Labour seeks new powers for police and security services to crackdown on cyber crimes including child pornography and terrorism

 

Labour wants new powers for police and security services to crackdown on cyber crimes like child pornography and terrorism but only with extra checks on how crime agencies are using sensitive data, the shadow home secretary will say.

Technological developments have sparked a wave of new types of crime and a 30% hike in recorded online fraud is just the "tip of the iceberg", Yvette Cooper will warn.

But fears about abuse of information in the wake of leaks by ex-US security contractor Edward Snowden, which revealed widespread spying by government listening post GCHQ, means new safeguards are needed to protect privacy.

Controversial plans by Home Secretary Theresa May to enable the police and security services to track emails and other online communications under a "snooper's charter" were blocked by the Liberal Democrats.

Ms Cooper will warn the Government it must not "bury its head in the sand" as she calls for reforms to keep up with the ever-changing cyber world.

Much stricter controls over access to private data must be introduced to give the public confidence amid fears about the way information can currently be accessed and used, she will say.

In a speech in central London to the Demos think tank, Ms Cooper will call for a new national strategy for tackling online fraud, tougher action to tackle online child pornography and an overhaul of parliament's Intelligence and Security Committee, which keeps a check on the work of the intelligence agencies.

She is expected to say: "In the face of growing online crime and abuse, and the use of online communications by criminals and extremists, the police, intelligence and security agencies need to be able to operate more effectively in this digital world. But for them to do so, we also need stronger safeguards and limits to protect our privacy and sustain confidence in their vital work.

"The oversight and legal frameworks are now out of date. That means we need major reforms to oversight and a thorough review of the legal framework to keep up with changing technology. And there are difficult wider challenges about privacy, data and the private sector, and how we protect British citizens' interests in a global internet where everyone follows different rules.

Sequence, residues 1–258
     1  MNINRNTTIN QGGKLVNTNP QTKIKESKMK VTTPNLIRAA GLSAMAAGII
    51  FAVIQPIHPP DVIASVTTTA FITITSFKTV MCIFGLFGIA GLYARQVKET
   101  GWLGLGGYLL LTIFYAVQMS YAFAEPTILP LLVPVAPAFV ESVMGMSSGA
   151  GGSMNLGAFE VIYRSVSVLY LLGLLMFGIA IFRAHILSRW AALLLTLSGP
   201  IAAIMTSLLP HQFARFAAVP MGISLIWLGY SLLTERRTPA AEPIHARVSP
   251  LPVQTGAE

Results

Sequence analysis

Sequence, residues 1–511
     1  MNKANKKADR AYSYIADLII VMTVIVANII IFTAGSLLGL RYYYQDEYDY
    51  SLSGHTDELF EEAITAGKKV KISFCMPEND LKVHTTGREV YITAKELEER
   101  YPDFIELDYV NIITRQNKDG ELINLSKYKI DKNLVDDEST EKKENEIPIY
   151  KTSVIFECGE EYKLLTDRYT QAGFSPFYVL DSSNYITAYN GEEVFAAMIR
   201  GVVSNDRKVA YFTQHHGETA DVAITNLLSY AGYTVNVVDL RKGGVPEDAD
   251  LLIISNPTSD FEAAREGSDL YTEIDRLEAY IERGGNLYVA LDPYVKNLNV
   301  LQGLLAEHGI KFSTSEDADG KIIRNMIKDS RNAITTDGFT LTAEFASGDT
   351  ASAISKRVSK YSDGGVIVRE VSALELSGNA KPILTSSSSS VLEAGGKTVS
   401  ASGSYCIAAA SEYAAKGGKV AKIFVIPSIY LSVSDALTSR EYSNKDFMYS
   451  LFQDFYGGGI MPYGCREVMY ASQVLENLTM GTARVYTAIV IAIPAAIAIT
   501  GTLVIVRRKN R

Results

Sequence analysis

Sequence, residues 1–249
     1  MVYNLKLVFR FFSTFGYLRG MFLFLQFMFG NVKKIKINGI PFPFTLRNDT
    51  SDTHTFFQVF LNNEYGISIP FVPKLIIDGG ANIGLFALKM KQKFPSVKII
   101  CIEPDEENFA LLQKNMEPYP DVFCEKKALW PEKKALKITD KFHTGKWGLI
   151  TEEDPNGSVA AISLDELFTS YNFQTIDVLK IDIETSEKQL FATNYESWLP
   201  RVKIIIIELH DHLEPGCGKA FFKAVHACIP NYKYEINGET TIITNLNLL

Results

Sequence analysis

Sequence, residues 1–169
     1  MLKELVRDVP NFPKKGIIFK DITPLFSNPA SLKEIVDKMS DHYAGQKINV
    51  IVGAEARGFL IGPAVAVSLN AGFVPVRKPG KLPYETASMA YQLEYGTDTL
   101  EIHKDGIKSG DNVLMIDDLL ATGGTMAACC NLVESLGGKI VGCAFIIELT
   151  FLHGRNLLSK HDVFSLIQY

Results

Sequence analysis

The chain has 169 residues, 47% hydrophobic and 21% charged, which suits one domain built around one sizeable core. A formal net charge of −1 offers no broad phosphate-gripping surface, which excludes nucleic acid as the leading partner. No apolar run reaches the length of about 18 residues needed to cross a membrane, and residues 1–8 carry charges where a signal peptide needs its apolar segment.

"Above all we need the Government to engage in a serious public debate about these new challenges and the reforms that are needed. Online communication and technology is forcing us to think again about our traditional frameworks for balancing privacy and safety, liberty and security. The Government can't keep burying its head in the sand and hoping these issues will go away - they are too important for that, for our liberty, our security, the growth of our economy and the health of our democracy."

She will add: "Perhaps most serious of all has been the growth in online child abuse. Last year the Child Exploitation and Online Protection Agency received 18,887 reports of child abuse - an increase of 14% on the year.

"The police and security services have been under pressure to explain why they didn't know more about the murderers of Drummer Lee Rigby, and why more is not being done to disrupt the use of the internet by violent extremists looking to radicalise young people.

"At the same time the new NHS database has just stalled due to public and GP anxiety about the privacy safeguards. And last summer Theresa May's Communications Data Bill finally ran into the ground after it lost the confidence of the all-party Joint Committee set up to scrutinise it.

"And - with perhaps the widest ramifications of all - former NSA contractor Edward Snowden leaked hundreds of thousands of US intelligence documents and 58,000 British intelligence documents - raising serious concern about the impact on national security and about the scale of activity of intelligence agencies all at the same time.

"These issues - online crime, private sector data storage, intelligence operations -are often treated as separate. Yet all raise the same fundamental questions about how we sustain both liberty and security in a digital age."